TEM micrograph of Bi NPs in water, i.e., H (pH = 7) is shown in Figure 6(a). The particles with average particle size of 14 nm and spherical in nature are observed. Figure 6(b) shows the size distribution of the particles as a histogram. The nanoparticles are poly-crystalline as seen from their selected area electron diffraction (SAED) patterns as shown in Figure 6(c). Later, we supplemented it with significant amounts of acid and base to water separately to examine the consequence of pH on the size/dimension, contour/shape, and arrangement of NPs. At pH 9.7, namely, the medium is basic now, one monitors agglomerated core shell type NPs that are depicted in Figure 6(d). An enlarged vision of core shell NPs is shown in its inset, verifying core diameter ~8 nm and shell thickness ~6 nm for the core shell NPs. Figure 6(e) demonstrates the histogram for its size distribution and the average size of NPs was found to be 18 nm. The SAED pattern for the same is given in Figure 6(e). Here, the agglomeration of nanoparticles exists that leads to formation of bigger nanoparticles. This is due to the occurrence of the opposite polarity (Na+ and OH) on the different NPs.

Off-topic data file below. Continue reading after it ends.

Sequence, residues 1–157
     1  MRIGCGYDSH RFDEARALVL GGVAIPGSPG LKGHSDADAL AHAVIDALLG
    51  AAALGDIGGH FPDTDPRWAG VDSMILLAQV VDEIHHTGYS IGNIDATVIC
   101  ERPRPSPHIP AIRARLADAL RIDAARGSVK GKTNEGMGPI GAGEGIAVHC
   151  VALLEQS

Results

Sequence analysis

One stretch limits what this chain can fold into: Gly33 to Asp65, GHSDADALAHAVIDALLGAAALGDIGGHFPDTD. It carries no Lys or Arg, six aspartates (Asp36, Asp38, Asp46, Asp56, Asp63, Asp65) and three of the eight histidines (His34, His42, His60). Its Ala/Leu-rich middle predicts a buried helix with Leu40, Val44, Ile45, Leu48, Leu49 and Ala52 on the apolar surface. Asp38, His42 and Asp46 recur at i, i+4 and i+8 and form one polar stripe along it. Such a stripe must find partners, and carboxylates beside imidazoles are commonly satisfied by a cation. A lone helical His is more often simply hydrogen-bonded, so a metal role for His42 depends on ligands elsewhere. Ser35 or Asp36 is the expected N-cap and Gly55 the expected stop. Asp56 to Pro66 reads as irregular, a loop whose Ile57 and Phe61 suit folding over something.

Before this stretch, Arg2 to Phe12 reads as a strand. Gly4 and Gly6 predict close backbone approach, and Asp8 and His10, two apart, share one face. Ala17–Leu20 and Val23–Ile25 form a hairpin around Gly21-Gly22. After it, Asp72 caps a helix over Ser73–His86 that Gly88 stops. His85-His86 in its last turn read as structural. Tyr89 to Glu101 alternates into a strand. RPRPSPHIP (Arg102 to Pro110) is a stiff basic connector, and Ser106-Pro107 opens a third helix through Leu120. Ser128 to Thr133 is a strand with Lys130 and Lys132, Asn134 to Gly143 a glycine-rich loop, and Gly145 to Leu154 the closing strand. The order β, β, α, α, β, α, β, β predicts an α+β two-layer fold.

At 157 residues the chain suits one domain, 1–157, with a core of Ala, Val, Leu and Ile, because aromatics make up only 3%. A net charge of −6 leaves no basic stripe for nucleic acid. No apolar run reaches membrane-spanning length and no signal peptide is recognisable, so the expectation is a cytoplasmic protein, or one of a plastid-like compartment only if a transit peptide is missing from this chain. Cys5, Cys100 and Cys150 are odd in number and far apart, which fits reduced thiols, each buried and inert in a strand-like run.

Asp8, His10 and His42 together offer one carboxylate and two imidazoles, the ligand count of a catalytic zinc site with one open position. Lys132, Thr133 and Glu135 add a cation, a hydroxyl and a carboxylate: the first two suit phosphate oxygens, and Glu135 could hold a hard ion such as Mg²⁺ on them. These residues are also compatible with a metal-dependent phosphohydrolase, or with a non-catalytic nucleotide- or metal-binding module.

Figure 6.

(a–c) TEM images of Bi NPs, particle size distribution, and SAED pattern in aqueous solution of H. (d–f) TEM images of Bi NPs, particle size distribution and SAED pattern in aqueous solution of HN. Inset of figure in (d) shows formation of core shell NPs. (g–i) TEM images of Bi NPs aqueous solution in water + HC with enlarged view of NPs with core size in the inset, particle size distribution and its SAED pattern (reproduced from Kumar et al. [48]).